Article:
Now, we must let them walk shoulder to shoulder with us during the good times and the difficult times so they could carry some of the load, and watch us think though the sticky times. We can't pull the same hills at the same pace for as long as we could when we were 30, but we can balance that out by using our experience and the use of good young firefighters that are willing to walk in our shadow (and some times make a shadow for us to walk in). That is working smarter, not harder. We need a mix of youth and experience in the fire service.

There are as many good prospects knocking at the door now, as there were when we were young. We just have to identify them, hire them, and give them the opportunities we had when we were their age. We can't carry the whole load anymore, we must share it with the youth.

That will be our legacy.

Hunter '45

06/10 To CF5945,

You're right on all but one.
For contract crews, contract engines crews, USFS or whom ever. The basic 130/190 is the best thing going for entry level wl firefighter. I use the 190 as the wl fire behavior/weather for the CDF Basic. Get the common sense experienced crew boss (hard to find in the cwn world) and squad bosses up to 290 along with the rest of the courses needed and couple that with and good attitude for all members of the crew and you've got a damn good Type II hand crew. The one problem, it's hard to find 25 to 30 hard core young handcrew firefighters that are in to 12 to 16 hours per day, sleeping in a tent, humping their butts off all day, especially after the excitement works off and you go for the long haul of maximum days on somewhat cold fire line. Times have changed. The old timers stayed on a fire until it was OUT. What are we going to have in 10 years from now? Maybe the ABC shift, 1 on 1 off for 4 days and then 3 days off. Is it that we're becoming a weaker firefighter or are there too many great easy money jobs out there, or maybe a combination of both?? As far as the Feds dumping their real experienced firefighters when 50 to 55 year old. Keep doing so, the contract fire service will hire these experts. Hundreds of thousand of dollars of training and experience - keep them coming. It's not that hard to keep in shape when over 50, as long as you love what you're doing. WL firefighting is what pushes us old fart to keeping in good shape. We don't care about setting in the local gym trying to carry on a conversation with a BS used car salesman. I've seen numerous times when the old fart packs the gear of the 18 year old to the top of the mountain. Attitude, attitude, attitude, if it's there, the rest of your body will follow.

Thanks ab
A Contract Crew Over 50 Guy

06/10 Someone asked about the quality of the ABQ Channel 4 video. The quality and content are very good. I am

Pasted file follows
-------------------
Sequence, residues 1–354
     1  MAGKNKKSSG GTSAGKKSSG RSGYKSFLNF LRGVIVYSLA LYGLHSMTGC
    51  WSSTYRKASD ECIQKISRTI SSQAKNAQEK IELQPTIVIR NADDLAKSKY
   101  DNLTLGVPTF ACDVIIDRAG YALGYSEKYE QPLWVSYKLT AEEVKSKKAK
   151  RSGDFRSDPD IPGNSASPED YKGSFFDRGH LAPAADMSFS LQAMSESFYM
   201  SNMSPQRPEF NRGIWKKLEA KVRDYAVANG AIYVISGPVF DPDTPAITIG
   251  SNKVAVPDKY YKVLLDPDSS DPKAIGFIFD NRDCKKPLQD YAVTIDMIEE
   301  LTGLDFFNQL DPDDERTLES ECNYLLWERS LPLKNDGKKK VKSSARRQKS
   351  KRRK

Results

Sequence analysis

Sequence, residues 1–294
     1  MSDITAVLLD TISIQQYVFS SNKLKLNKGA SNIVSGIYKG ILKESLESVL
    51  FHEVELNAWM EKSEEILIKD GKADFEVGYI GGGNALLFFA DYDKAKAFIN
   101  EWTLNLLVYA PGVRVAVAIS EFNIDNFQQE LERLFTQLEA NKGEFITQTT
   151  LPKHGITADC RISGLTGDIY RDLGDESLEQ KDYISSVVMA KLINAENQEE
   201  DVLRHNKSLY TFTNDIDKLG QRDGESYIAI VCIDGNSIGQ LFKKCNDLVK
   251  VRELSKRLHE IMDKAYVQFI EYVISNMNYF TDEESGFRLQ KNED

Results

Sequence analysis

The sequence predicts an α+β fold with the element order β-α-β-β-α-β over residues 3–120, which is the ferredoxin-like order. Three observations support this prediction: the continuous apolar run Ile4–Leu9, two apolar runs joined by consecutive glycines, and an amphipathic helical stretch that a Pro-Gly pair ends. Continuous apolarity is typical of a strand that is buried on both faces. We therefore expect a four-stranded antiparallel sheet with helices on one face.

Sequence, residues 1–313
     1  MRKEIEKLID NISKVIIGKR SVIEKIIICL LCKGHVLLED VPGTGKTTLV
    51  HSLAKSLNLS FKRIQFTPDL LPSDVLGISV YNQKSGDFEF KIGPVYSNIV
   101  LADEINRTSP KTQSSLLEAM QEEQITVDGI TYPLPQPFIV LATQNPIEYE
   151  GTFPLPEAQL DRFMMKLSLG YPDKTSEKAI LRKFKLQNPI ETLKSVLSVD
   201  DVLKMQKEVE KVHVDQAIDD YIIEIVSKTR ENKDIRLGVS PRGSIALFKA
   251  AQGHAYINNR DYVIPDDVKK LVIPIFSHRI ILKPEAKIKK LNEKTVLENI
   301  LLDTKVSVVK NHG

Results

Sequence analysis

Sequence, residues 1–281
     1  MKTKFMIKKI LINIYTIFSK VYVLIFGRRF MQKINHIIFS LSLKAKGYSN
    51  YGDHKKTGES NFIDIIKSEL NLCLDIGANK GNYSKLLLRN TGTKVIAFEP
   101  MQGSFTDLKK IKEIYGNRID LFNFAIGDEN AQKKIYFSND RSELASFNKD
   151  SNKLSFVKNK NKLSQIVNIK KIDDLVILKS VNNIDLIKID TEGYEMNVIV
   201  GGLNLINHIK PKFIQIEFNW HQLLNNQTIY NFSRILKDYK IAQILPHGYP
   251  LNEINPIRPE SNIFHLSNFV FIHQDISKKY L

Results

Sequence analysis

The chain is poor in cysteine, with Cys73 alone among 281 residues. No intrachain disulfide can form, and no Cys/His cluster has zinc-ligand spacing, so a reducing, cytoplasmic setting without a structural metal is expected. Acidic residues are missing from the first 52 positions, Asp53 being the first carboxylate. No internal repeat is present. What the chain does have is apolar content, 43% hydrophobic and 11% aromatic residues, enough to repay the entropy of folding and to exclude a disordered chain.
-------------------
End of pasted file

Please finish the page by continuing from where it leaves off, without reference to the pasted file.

1. Los Alamos resident,
2. Smokejumper,
3. Los Alamos helitac helper (Los Alamos county radio operator and Liason).

From a personal point this was one of the most violent fires that I have experienced.

Chuck Mansfield

Thanks "jumping" in, Chuck. A first-hand perspective is welcome. Ab.


Watched the senate hearings last night. NM governor, Sen. Chenoweth, et al. Was surprising to hear the numbers they spoke of. 40 million acres listed as extreme fuel load. they want to burn it all, or mechanicaly reduce the load. The number 2 billion was said. as a minimum at 50$ per acre.

This comtractor/ fed crew thing is getting no where. As a contractor i take pride in what i do. I work hard, and do my best everytime we go out. I let our performance speak for us.

Every crew whether fed/state/vfd/contract/local needs to know who they represent when they are out there. there are good crews, there are bad ones. Some are well equipped, some arent.

Ive spoken up and had contract crews demobbed- Ive done the same to federal, and state crews. I am not going to work with drunks or addicts. No way am i going to place my guys under the leadership of someone who was out drinking all night.

just a thought,

later eric



MP, Of course I don't think you're the bottom of the barrel. Nor did I say that Indian crews in general are the bottom of the barrel. There are some great Indian crews, just amazing crews, both shot and Type 2 crews -- tireless, devoted, courageous, team players, fun and funny as hell. Toward the end of the last season, there were also some very bad Type 2 crews, both Indian and other contract crews. There was fighting. Drugs were around. As the season goes on and resources become stretched thin, we do scrape the bottom of the barrel in terms of who we can get to fight fire. I think we need to recognize there is a problem and figure out some way to deal with it. I hate to think of having to further police our own, but we may need to do that. Spot drug checks could be a deterrent to drugs. Background checks could help exclude problem people. Using computers to track who is on the crews will also begin to provide a history and some security. The reservations and private contractors who send out crews must also take responsibility to insure they are sending their best or no-one. This could be a conflict for them. Money earned often means "a pair of shoes for baby". Let's not pretend there is no problem, just because it's not PC to talk about it!

CF, I disagree with you that the stereotype on contractors is largely "placed" by the good old boys. True, stereotypes are categories that may be taught, but often they arise when people observe the behavior of others. In fire, astute observation of others can save our lives. I think many stereotypes in fire come about because they *are beneficial* for survival. If I judge wrong, I may end up dead. I do, however, also believe that the way to dispel the stereotype regarding contractors is to "work hard and earn respect"-- contractors must regulate their own. I think the non-contractor fire community is more than willing to evaluate contractor groups individually on their own merits. We must speak out about the groups who are not up to par-- contractor or otherwise. We're all in this together.